The old adage is being called into question by new research from UCLA: Dr. Naomi Eisenberger has found that social rejection and physical pain are intrinsically linked in the brain, so much so that a lack of the former can impact the latter.
How social rejection might affect physical pain
In an experiment published in the 2006 issue of the journal Pain, Eisenberger used 75 subjects to explore perceptions of physical pain in the context of social situations.
First, researchers identified each person’s unique pain threshold by transmitting varying levels of heat to the forearm. Participants rated pain levels until they reached “very unpleasant.” This provided a baseline for personal pain thresholds under normal conditions.
Participants then participated in a ball-tossing game with three characters on a computer screen. One character represented the participant, and researchers told participants that the other two characters were played by real people, though a computer actually controlled everything. The participant was either socially included (the ball was tossed to their character) or excluded (the ball was never tossed to their character). In the final 30 seconds of the game, a new heat stimulus was applied and subjects again rated the level of pain they felt.
Unsurprisingly, the non-included group reported 67% more social distress on average. More surprisingly, the same people who reported great social distress from the game also reported higher pain ratings at the end of the game—showing a link between social and physical pain. Other studies on improving emotional control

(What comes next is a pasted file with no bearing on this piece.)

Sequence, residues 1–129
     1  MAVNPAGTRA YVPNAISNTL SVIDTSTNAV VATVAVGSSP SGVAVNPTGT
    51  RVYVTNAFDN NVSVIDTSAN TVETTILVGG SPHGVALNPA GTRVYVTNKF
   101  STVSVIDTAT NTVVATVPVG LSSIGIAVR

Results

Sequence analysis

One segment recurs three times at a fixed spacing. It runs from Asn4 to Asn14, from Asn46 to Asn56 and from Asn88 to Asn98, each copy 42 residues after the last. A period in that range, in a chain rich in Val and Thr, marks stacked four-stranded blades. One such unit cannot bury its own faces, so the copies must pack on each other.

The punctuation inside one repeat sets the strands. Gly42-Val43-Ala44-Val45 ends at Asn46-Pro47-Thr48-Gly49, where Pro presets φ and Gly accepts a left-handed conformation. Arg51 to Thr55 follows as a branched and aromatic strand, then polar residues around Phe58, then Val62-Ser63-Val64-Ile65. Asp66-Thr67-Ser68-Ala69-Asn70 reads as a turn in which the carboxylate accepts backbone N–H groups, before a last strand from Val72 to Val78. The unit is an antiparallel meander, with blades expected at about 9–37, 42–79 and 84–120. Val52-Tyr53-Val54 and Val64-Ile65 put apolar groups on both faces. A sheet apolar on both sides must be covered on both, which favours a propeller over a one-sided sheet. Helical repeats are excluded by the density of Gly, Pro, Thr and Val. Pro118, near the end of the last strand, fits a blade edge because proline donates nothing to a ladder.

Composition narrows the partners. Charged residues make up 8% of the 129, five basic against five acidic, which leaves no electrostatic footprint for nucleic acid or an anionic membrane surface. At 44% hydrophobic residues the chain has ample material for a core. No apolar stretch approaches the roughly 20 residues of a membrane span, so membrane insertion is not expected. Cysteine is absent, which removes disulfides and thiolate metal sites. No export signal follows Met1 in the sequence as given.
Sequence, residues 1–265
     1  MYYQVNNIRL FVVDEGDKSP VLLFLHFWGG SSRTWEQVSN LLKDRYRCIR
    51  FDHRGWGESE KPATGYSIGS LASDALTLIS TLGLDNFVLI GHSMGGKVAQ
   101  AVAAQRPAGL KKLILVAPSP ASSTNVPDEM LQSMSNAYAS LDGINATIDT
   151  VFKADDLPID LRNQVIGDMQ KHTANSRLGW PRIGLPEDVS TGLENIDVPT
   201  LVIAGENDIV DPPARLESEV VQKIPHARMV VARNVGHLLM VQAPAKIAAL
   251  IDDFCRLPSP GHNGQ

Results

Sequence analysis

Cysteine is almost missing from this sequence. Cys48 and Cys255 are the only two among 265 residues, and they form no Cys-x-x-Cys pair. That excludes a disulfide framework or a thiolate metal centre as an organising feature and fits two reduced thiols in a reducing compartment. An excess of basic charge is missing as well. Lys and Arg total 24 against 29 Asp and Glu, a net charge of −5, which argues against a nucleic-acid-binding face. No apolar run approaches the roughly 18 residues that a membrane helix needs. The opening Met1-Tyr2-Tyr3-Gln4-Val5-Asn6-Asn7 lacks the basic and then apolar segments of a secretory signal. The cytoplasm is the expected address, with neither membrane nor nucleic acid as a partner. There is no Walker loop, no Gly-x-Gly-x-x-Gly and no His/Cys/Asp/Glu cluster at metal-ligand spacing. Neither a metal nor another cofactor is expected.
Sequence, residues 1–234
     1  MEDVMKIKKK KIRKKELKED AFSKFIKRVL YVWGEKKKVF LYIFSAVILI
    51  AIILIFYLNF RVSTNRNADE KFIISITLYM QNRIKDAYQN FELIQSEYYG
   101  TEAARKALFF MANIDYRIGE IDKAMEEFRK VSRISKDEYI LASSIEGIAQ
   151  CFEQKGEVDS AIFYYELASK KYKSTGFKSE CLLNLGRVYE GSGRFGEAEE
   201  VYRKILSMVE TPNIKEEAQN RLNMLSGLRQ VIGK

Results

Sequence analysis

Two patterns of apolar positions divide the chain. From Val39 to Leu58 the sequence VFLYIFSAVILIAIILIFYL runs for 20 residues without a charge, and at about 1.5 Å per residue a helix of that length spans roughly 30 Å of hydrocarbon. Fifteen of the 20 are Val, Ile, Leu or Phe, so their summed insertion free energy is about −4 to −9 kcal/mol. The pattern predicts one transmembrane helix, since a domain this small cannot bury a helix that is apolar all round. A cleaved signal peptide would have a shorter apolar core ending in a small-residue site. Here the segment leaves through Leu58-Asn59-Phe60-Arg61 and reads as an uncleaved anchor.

Many fMRI studies have confirmed that emotional and physical pain both activate the brain’s dorsal anterior cingulate cortex. Still other studies note that people who suffer from physical conditions such as chronic pain are more likely to have emotional anxiety and feel social rejection more deeply.
In a recent 2013 study in the Journal of Neuroscience, researchers explored one method of enhancing emotional control through an adaptation of a well-studied working memory task called n-back. In the standard n-back task, people must remember different visual or auditory stimuli from 1, 2, 3, or more trials ago; in this case, they were prompted with images of different facial expressions and emotionally loaded words such as dead and evil. Out of 34 total participants, those who spent 20 days using this emotion-based working memory task controlled their distress more effectively when later exposed to films of traumatic events.
These two studies are fairly preliminary; the future of understanding and improving emotional control is still full of open questions. But as researchers continue to explore the complex workings of the human mind, there is more and more evidence that seemingly unrelated functions may in fact share underlying brain processes. These fascinating insights into the neuropsychological basis of emotional distress only scratch the surface of what we can learn about the impact of emotional control on our daily lives.